sending, by the host system to the third client system the difference between the blocks in the updated first block list and the first block list.
7. The computer program product of claim 5 wherein the instructions further cause the processor to carry out the steps of:
receiving, by a notification server at the host system, a request from a plurality of additional client systems to be notified of modifications to the synchronized folder;
informing, by the host system, the plurality of additional client systems that the first file has been modified;
receiving, by the host system from at least one of the plurality of additional clients, a request for one of the blocks in the updated first block list, the request also identifying at least one of the blocks in the first block list;
determining, by a block server, a difference between the identified first block and the requested updated first block; and
sending, by the block server to the additional client, the determined difference between the identified first block and the requested updated first block.
8. The computer program product of claim 5 wherein each block identified in the first block list is a hash of a portion of the first file.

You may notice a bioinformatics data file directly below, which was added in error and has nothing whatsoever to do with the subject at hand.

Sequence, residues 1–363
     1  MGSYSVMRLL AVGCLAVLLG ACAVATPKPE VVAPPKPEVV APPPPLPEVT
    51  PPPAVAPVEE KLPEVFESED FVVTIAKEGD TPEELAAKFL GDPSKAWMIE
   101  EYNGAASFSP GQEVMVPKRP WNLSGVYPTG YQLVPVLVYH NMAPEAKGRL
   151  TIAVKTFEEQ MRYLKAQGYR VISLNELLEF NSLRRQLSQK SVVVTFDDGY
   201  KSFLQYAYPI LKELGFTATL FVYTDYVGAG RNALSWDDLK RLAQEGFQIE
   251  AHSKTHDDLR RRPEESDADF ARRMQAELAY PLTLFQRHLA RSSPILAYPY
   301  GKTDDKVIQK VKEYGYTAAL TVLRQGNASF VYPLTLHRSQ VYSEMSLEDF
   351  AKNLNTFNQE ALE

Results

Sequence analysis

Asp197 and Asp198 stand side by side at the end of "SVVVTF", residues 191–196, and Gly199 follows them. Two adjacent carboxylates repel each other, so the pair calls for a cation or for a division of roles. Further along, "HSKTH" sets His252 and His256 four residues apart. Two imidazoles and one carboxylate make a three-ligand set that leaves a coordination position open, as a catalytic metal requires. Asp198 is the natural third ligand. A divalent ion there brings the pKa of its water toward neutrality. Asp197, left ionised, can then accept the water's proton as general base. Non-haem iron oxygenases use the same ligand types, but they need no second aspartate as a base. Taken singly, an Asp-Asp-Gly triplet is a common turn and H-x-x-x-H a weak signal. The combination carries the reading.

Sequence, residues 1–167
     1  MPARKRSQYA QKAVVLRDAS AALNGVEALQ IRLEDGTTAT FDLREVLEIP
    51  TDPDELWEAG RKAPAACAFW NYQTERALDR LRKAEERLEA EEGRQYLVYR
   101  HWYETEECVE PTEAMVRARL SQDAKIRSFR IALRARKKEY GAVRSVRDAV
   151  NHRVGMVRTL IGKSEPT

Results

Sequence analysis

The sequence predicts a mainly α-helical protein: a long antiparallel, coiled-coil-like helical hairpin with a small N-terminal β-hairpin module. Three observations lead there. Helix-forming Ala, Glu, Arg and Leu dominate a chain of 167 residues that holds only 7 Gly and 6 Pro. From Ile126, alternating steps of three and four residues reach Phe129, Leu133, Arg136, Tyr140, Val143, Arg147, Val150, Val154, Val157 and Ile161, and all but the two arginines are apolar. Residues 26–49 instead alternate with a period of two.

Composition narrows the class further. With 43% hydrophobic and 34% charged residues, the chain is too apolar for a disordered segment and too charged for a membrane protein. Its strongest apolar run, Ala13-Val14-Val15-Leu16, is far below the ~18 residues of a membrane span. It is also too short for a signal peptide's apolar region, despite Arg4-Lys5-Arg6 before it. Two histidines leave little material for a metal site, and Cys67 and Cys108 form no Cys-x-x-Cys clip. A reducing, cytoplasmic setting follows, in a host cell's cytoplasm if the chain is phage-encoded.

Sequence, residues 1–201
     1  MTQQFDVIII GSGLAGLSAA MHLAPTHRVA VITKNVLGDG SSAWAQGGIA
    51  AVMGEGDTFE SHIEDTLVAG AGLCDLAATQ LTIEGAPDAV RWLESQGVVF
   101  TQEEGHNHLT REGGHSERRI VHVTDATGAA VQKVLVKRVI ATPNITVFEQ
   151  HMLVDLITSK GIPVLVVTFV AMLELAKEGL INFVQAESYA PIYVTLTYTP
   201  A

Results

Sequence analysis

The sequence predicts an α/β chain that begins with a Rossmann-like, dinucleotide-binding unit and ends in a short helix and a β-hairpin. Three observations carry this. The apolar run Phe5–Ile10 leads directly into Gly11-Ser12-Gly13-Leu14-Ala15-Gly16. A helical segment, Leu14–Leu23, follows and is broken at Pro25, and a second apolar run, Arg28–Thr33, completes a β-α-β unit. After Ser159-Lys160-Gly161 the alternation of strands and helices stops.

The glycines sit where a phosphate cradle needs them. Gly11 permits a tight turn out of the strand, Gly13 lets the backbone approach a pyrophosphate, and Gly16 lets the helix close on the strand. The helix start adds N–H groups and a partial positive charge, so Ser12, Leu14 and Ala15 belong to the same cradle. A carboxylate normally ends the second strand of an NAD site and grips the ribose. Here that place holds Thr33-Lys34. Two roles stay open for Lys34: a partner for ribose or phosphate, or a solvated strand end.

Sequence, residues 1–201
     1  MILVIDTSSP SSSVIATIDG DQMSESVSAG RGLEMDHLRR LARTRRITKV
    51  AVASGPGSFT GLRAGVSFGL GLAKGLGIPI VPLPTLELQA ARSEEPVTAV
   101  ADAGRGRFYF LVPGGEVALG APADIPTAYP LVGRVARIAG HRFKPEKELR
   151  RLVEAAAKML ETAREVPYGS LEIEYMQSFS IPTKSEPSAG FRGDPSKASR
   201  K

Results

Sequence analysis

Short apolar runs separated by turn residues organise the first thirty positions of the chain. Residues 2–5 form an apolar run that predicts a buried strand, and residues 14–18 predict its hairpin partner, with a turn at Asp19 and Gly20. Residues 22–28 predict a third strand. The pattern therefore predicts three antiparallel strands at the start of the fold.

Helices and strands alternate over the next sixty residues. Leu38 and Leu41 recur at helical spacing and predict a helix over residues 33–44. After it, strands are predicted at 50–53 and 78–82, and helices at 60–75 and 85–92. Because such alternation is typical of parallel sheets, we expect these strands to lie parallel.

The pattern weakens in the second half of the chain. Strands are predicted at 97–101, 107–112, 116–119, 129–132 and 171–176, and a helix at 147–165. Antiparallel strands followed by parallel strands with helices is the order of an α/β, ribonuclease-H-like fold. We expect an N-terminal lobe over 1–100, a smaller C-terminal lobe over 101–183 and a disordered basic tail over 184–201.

Beschreibung
CROSS REFERENCE TO RELATED APPLICATIONS

This application claims the benefit of U.S. Provisional Application Nos. 61/233,773, filed on Aug. 13, 2009, and 61/233,787, filed on Aug. 13, 2009, each of which is incorporated by reference herein in its entirety.

BACKGROUND

1. Field of the Invention

The present invention relates generally to sharing of data over a network. In particular, the present invention is directed to synchronization of a folder and its contents shared between multiple clients.

2. Description of Related Art

People often use multiple computers on a regular basis. A typical user may have a first computer at the office and a second computer at home, for example. Sharing documents between these multiple computers generally requires transferring the document from one to the other—for example, a user may e-mail himself a copy of a document he is working on before leaving the office, so that he can resume working on it later from home. If the user forgets to e-mail or bring the document home with him, he must either go back to the office to retrieve it, or perhaps give up until the morning. Some methods exist to allow remote access to a computer, for example using a virtual private network (VPN) to access a corporate network from a remote location. However, if the user is accessing the document remotely and loses his connection, he may lose his changes, be unable to continue, and may end up with a corrupted document.